Who And so here we are one month until the (possible) start of the new tv series of Doctor Who. All signs point to 26th March 2005. On a Saturday. At tea time. I had a brief panic attack today. At the back of my mind, the words 'What if it's no good?' shuffled past. But then I contained myself. While am here I want to re-post something which was knocking around about three years ago in the dark ages before this dream began. It was my vision for a new tv series ...
Main Characters: The Doctor, Female companion, The TARDIS
Familiarity. Turn on your average post-Troughton story this is your set up. The companion explores the problem at hand, The Doctor explains and solves it. The average viewer isn't expecting three 'teenagers' and a robot. Better to give depth to one companion than have two or three ciphers.
Which was my not at all secret attack on the Davison era. The Caves Of Androzani was the best story. Why? Less people running around and getting into trouble. Chris and Billie look great together on all those magazine covers don't they?
Six one hour episodes.
Clarity, attention span, budget. With judicious and careful editing most tv Who stories could be told in an hour - the audio version of 'Genesis of the Daleks' proves this. Yes, it's nice to see Tom and Lalla running around Paris in 'City of Death' but it doesn't exactly drive the plot forward does it? If 'Buffy' can do it, so can 'Who'.
Who imagined there would be thirteen? Apparently there were only going to be six but Russell and his producer Phil turned around and asked if they could have thirteen if it cost the same amount of money and the BBC said -- well OK! There will be cliffhangers in there but I was mostly right about the format. But what's fifteen minutes between friends?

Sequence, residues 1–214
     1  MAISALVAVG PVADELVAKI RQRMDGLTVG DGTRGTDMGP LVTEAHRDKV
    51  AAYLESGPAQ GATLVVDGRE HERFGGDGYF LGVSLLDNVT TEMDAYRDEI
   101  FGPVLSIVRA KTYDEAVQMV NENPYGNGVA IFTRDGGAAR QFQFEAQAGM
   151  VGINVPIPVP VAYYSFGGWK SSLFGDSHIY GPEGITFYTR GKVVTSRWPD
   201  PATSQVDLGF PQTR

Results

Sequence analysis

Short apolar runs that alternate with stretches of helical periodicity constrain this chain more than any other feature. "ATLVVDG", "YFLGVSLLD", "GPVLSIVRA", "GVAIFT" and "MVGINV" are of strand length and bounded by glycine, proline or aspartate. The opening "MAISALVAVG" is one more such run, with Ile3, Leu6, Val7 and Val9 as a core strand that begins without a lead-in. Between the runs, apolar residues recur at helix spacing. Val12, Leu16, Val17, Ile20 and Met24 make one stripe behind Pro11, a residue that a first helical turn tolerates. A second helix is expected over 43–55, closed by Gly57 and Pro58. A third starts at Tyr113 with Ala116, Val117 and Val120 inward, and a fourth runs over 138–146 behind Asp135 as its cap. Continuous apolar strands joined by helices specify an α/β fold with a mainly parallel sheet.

First episode - Cybermen. Last episode - Daleks (with cliffhanger ending)
Nice and familiar. Monsters, and monsters the public have heard of. Could redesign the Cybermen a bit, but keep the Daleks as pepper pots (that's half their appeal). Daleks in last episode not first so as not to show all your good cards.
Not Cybermen but something else. But were the metal men all that great anyway?
In between, The Doctor takes his companion to see the first civilisations (Stonehenge, Ancient Egypt, even earlier) and the end of time (last surviving human, aliens trading the last human DNA remains). Episode set on a strange alien planet, episode on a starship.
The Hartnell era might be a good pattern to follow. So two sci-fi, one quasi-historical, one pure historical. Random order. I'd have the historical as episode two, sci-fi three, then follow in 'The Time Meddlers' footsteps and sell the quasi-historical initially as a historical. Then Sci-Fi, then that Dalek story. Returns the show to unpredictability; the TARDIS guidance circuits have malfunctioned so he doesn't know (and therefore we don't know) where he'll end up next (that's real adventure isn't it?). Historicals potentially an easier sell now alongside the monster stories.
No pure historicals apparently, but there is a story set at the end of time. But thirteen shows offers the chance of even greater flexibility.

Ignore continuity references, but don't contradict anything too much.

Base everything on what the general public probably knows - yes, we know The Doctor is a Timelord, but do we need some boring old episode on Gallifrey to prove the point? Only exposition relating to plot at hand then, and make the stories self contained. No need to keep referring back to 'the canon' all the time, but don't contract it.

This is the Ninth Doctor, and I'm guessing that any in-jokes will be exactly that. It's a continuation but not abject slavery. Excellent.
No romance, but lots of flirting.
See Pertwee and Jo Grant; Tom Baker and everyone (apart from Harry); whilst I personally had no problem with 'that kiss' this is a family show.
Indications are that The Doctor and Rose will have that kind of 'understanding'.

Family show, but scary enough to need a sofa.
Everyone says they hid behind the sofa. Nothing wrong here - scary monsters and cartoon violence. But keep to the model of The Doctor using his mind to outwit his opponents.
Well see. I'm suddenly really excited again!

Pale face